Eliacin Rosario-Cruz

Abrazando Esperanzas

Swimming in known waters

As Ruben Blades would say “Todos vuelven a la tierra en que naciero, al embrujo incomparable de su sol.” I am returning – for about 2 weeks – back to Puerto Rico.

I moved to Washington in 2005. The decision to move here was a well thought one.  We moved here looking for a change of life. After 10+ years of religious work in Puerto Rico, I got totally burned out. Coming to Washington gave me a new fresh start. My wife’s family lives here, which means this would give my kids an opportunity to be with the other set of grandparents. I’m happy in Seattle. But it is not home.

In 2006 I went back to PR during a family emergency.  It was then when I realized how much of an stranger I am here in Seattle, and how uncomfortable I feel at times. In spite of it’s claim to be a progressive city, Seattle is an extremely segregated city.  Niceness is another of the issues “Seattle-lites” are proud of. But it is that niceness and that false sense of progressiveness that keep many issues, including racial identity and prejudice out of the conversation. Many in this place have fall for the myth of “we have arrived” – race is not an issue anymore.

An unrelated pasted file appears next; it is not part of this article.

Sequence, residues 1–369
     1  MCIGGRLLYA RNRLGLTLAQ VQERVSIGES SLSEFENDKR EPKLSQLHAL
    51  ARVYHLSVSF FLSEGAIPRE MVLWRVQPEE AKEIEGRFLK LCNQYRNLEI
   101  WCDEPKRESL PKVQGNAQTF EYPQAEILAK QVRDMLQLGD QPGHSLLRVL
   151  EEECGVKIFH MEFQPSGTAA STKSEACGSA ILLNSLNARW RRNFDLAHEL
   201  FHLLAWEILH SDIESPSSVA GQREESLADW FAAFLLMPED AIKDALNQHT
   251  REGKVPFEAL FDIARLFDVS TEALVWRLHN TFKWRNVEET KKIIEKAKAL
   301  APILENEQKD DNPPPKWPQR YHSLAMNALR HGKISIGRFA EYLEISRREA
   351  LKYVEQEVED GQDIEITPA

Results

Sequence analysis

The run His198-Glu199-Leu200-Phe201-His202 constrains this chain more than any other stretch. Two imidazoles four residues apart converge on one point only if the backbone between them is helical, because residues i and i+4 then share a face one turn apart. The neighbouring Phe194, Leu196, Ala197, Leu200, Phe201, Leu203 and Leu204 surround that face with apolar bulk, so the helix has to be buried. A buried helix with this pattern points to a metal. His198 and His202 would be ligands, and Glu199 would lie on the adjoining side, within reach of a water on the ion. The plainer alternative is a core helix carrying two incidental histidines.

Returning to Puerto Rico, was like swimming in known waters. It gave me the freedom to be myself again without questioning people’s reactions, interaction and thoughts toward me as a stranger. Back at home I am not a stranger, I am not welcome in paternalistic ways. I do not access the table to gather the crumbs.

I am so looking forward been back.

1 Comment

  1. Well, amigo, for what it’s worth, I’m glad you’ve been in Seattle to help nourish a shift in my own perspective on racial issues (and to teach me how to NOT be nice all the time…) ;o)

    I’m grateful for the time I’ve been able to spend with you and your family.

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